In some cases, however, reducing tightness in surrounding muscles is not the best strategy. With moderate or severe ligament sprains, joint stability is compromised. Muscles then play an important role in helping to maintain joint stability in a hypermobile joint by becoming tighter around that joint. In this case, it is more valuable to work on the ligament itself to encourage lymphatic drainage to reduce swelling and work on opposing muscles, but not address the muscles in question. 

Muscle Strains

A strain is a tensile stress injury to the muscle tendon unit that occurs when it is pulled beyond its capacity to withstand the tensile load. Strains occur in either the muscle or tendon fiber; however, tendon fiber is far more resistant to high tensile loads, so more often the injury occurs in the muscle belly. It is also common at the musculotendinous junction where the two tissues interface with each other.

Strains occur both as a result of chronic, repetitive loads, as well as sudden, high-force loads in an acute injury. Keep in mind that muscles are under high loads when they are shortening in a concentric contraction as well as when they are lengthening in an eccentric contraction. In many cases, strains are more likely to result from eccentric overload. Consequently, it is valuable to identify if injury factors involved concentric contraction, eccentric contraction, or passive lengthening of a muscle.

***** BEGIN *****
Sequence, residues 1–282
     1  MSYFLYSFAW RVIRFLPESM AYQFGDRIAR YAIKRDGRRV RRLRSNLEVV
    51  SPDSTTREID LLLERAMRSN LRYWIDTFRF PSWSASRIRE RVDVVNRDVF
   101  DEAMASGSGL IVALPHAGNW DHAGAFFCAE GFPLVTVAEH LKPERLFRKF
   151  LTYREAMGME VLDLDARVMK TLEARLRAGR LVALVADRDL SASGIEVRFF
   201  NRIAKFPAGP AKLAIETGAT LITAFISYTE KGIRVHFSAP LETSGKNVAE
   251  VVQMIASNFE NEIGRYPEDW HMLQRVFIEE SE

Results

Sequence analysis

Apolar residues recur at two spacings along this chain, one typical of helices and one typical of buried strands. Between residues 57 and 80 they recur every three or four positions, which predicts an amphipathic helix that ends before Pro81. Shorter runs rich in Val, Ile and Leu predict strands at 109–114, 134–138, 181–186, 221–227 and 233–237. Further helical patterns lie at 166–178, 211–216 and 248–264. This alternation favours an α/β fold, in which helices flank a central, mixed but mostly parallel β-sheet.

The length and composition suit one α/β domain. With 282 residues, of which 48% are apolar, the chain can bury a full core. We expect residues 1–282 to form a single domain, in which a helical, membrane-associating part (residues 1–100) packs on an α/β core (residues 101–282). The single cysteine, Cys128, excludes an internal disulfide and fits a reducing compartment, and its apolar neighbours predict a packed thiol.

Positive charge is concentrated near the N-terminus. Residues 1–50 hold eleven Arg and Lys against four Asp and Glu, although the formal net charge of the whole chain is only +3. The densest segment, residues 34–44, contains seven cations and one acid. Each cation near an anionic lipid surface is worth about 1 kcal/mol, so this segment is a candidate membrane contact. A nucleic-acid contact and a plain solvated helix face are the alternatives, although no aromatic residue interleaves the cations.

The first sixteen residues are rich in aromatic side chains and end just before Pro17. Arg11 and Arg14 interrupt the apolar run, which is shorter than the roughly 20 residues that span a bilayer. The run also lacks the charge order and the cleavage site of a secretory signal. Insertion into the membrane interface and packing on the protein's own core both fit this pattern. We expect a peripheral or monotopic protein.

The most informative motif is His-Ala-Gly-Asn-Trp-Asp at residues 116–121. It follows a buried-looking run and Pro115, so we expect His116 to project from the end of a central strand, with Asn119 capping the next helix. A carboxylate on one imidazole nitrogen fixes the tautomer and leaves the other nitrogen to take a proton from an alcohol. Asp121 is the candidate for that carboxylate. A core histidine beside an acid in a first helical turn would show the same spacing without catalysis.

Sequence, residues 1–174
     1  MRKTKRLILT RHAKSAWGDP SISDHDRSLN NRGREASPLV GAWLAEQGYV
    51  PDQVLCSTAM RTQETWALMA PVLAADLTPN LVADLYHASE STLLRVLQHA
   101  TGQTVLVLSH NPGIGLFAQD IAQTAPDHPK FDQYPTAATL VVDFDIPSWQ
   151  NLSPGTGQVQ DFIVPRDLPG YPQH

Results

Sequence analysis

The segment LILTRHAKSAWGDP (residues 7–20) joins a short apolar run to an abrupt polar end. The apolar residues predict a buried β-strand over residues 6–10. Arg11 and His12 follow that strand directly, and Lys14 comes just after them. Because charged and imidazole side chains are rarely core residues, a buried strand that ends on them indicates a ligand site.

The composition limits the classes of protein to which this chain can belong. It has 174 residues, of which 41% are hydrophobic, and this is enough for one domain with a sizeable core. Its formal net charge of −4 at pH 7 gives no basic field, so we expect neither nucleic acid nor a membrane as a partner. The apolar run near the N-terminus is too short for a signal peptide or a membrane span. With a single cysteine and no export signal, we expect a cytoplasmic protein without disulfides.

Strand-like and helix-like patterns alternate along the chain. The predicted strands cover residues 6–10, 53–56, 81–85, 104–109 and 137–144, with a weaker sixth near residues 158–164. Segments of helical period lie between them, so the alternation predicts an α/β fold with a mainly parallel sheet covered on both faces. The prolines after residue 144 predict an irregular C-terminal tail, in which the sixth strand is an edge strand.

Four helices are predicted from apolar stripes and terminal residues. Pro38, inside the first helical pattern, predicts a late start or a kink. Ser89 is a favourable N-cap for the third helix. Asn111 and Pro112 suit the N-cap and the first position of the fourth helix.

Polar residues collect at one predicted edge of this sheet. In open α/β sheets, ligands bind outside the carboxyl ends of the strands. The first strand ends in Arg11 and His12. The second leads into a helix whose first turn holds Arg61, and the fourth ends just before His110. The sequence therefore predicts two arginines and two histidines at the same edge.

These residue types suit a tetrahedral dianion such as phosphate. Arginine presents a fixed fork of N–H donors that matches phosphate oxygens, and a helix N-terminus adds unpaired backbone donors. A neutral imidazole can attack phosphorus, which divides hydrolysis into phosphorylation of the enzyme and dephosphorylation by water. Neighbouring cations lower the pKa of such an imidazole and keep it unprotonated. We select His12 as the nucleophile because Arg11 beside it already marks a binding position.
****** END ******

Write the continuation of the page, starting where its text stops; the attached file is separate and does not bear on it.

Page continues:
A chronic strain can result from lower-level forces repeatedly applied to a muscle over time until the muscle finally reaches fatigue and tears. In acute strains, the muscle injury results from a sudden, overwhelming force load that is more than the muscle fibers can withstand. Similar to ligament sprains, muscle strains are classified into three grades of severity: first degree (mild), second degree (moderate), and third degree (severe). 

Strains can happen to any muscle, but certain muscles are more susceptible than others because they are biomechanically more vulnerable. For example, multiarticulate muscles, such as the hamstring group, are those that cross more than one joint (Image 4). These muscles can be put under severe compromised tensile loads if both joints are in a position to stretch the muscle at the same time. If an individual is forced into a position with hip flexion and knee extension occurring simultaneously, as in a fall, there is far greater tensile load on the hamstrings than if that person is forced into hip flexion or knee extension alone.

Muscle strains produce greater bruising because of damage to the highly vascularized muscle tissue. However, if the injury is at or near the musculotendinous junction, bruising may be limited, as that area has less blood supply.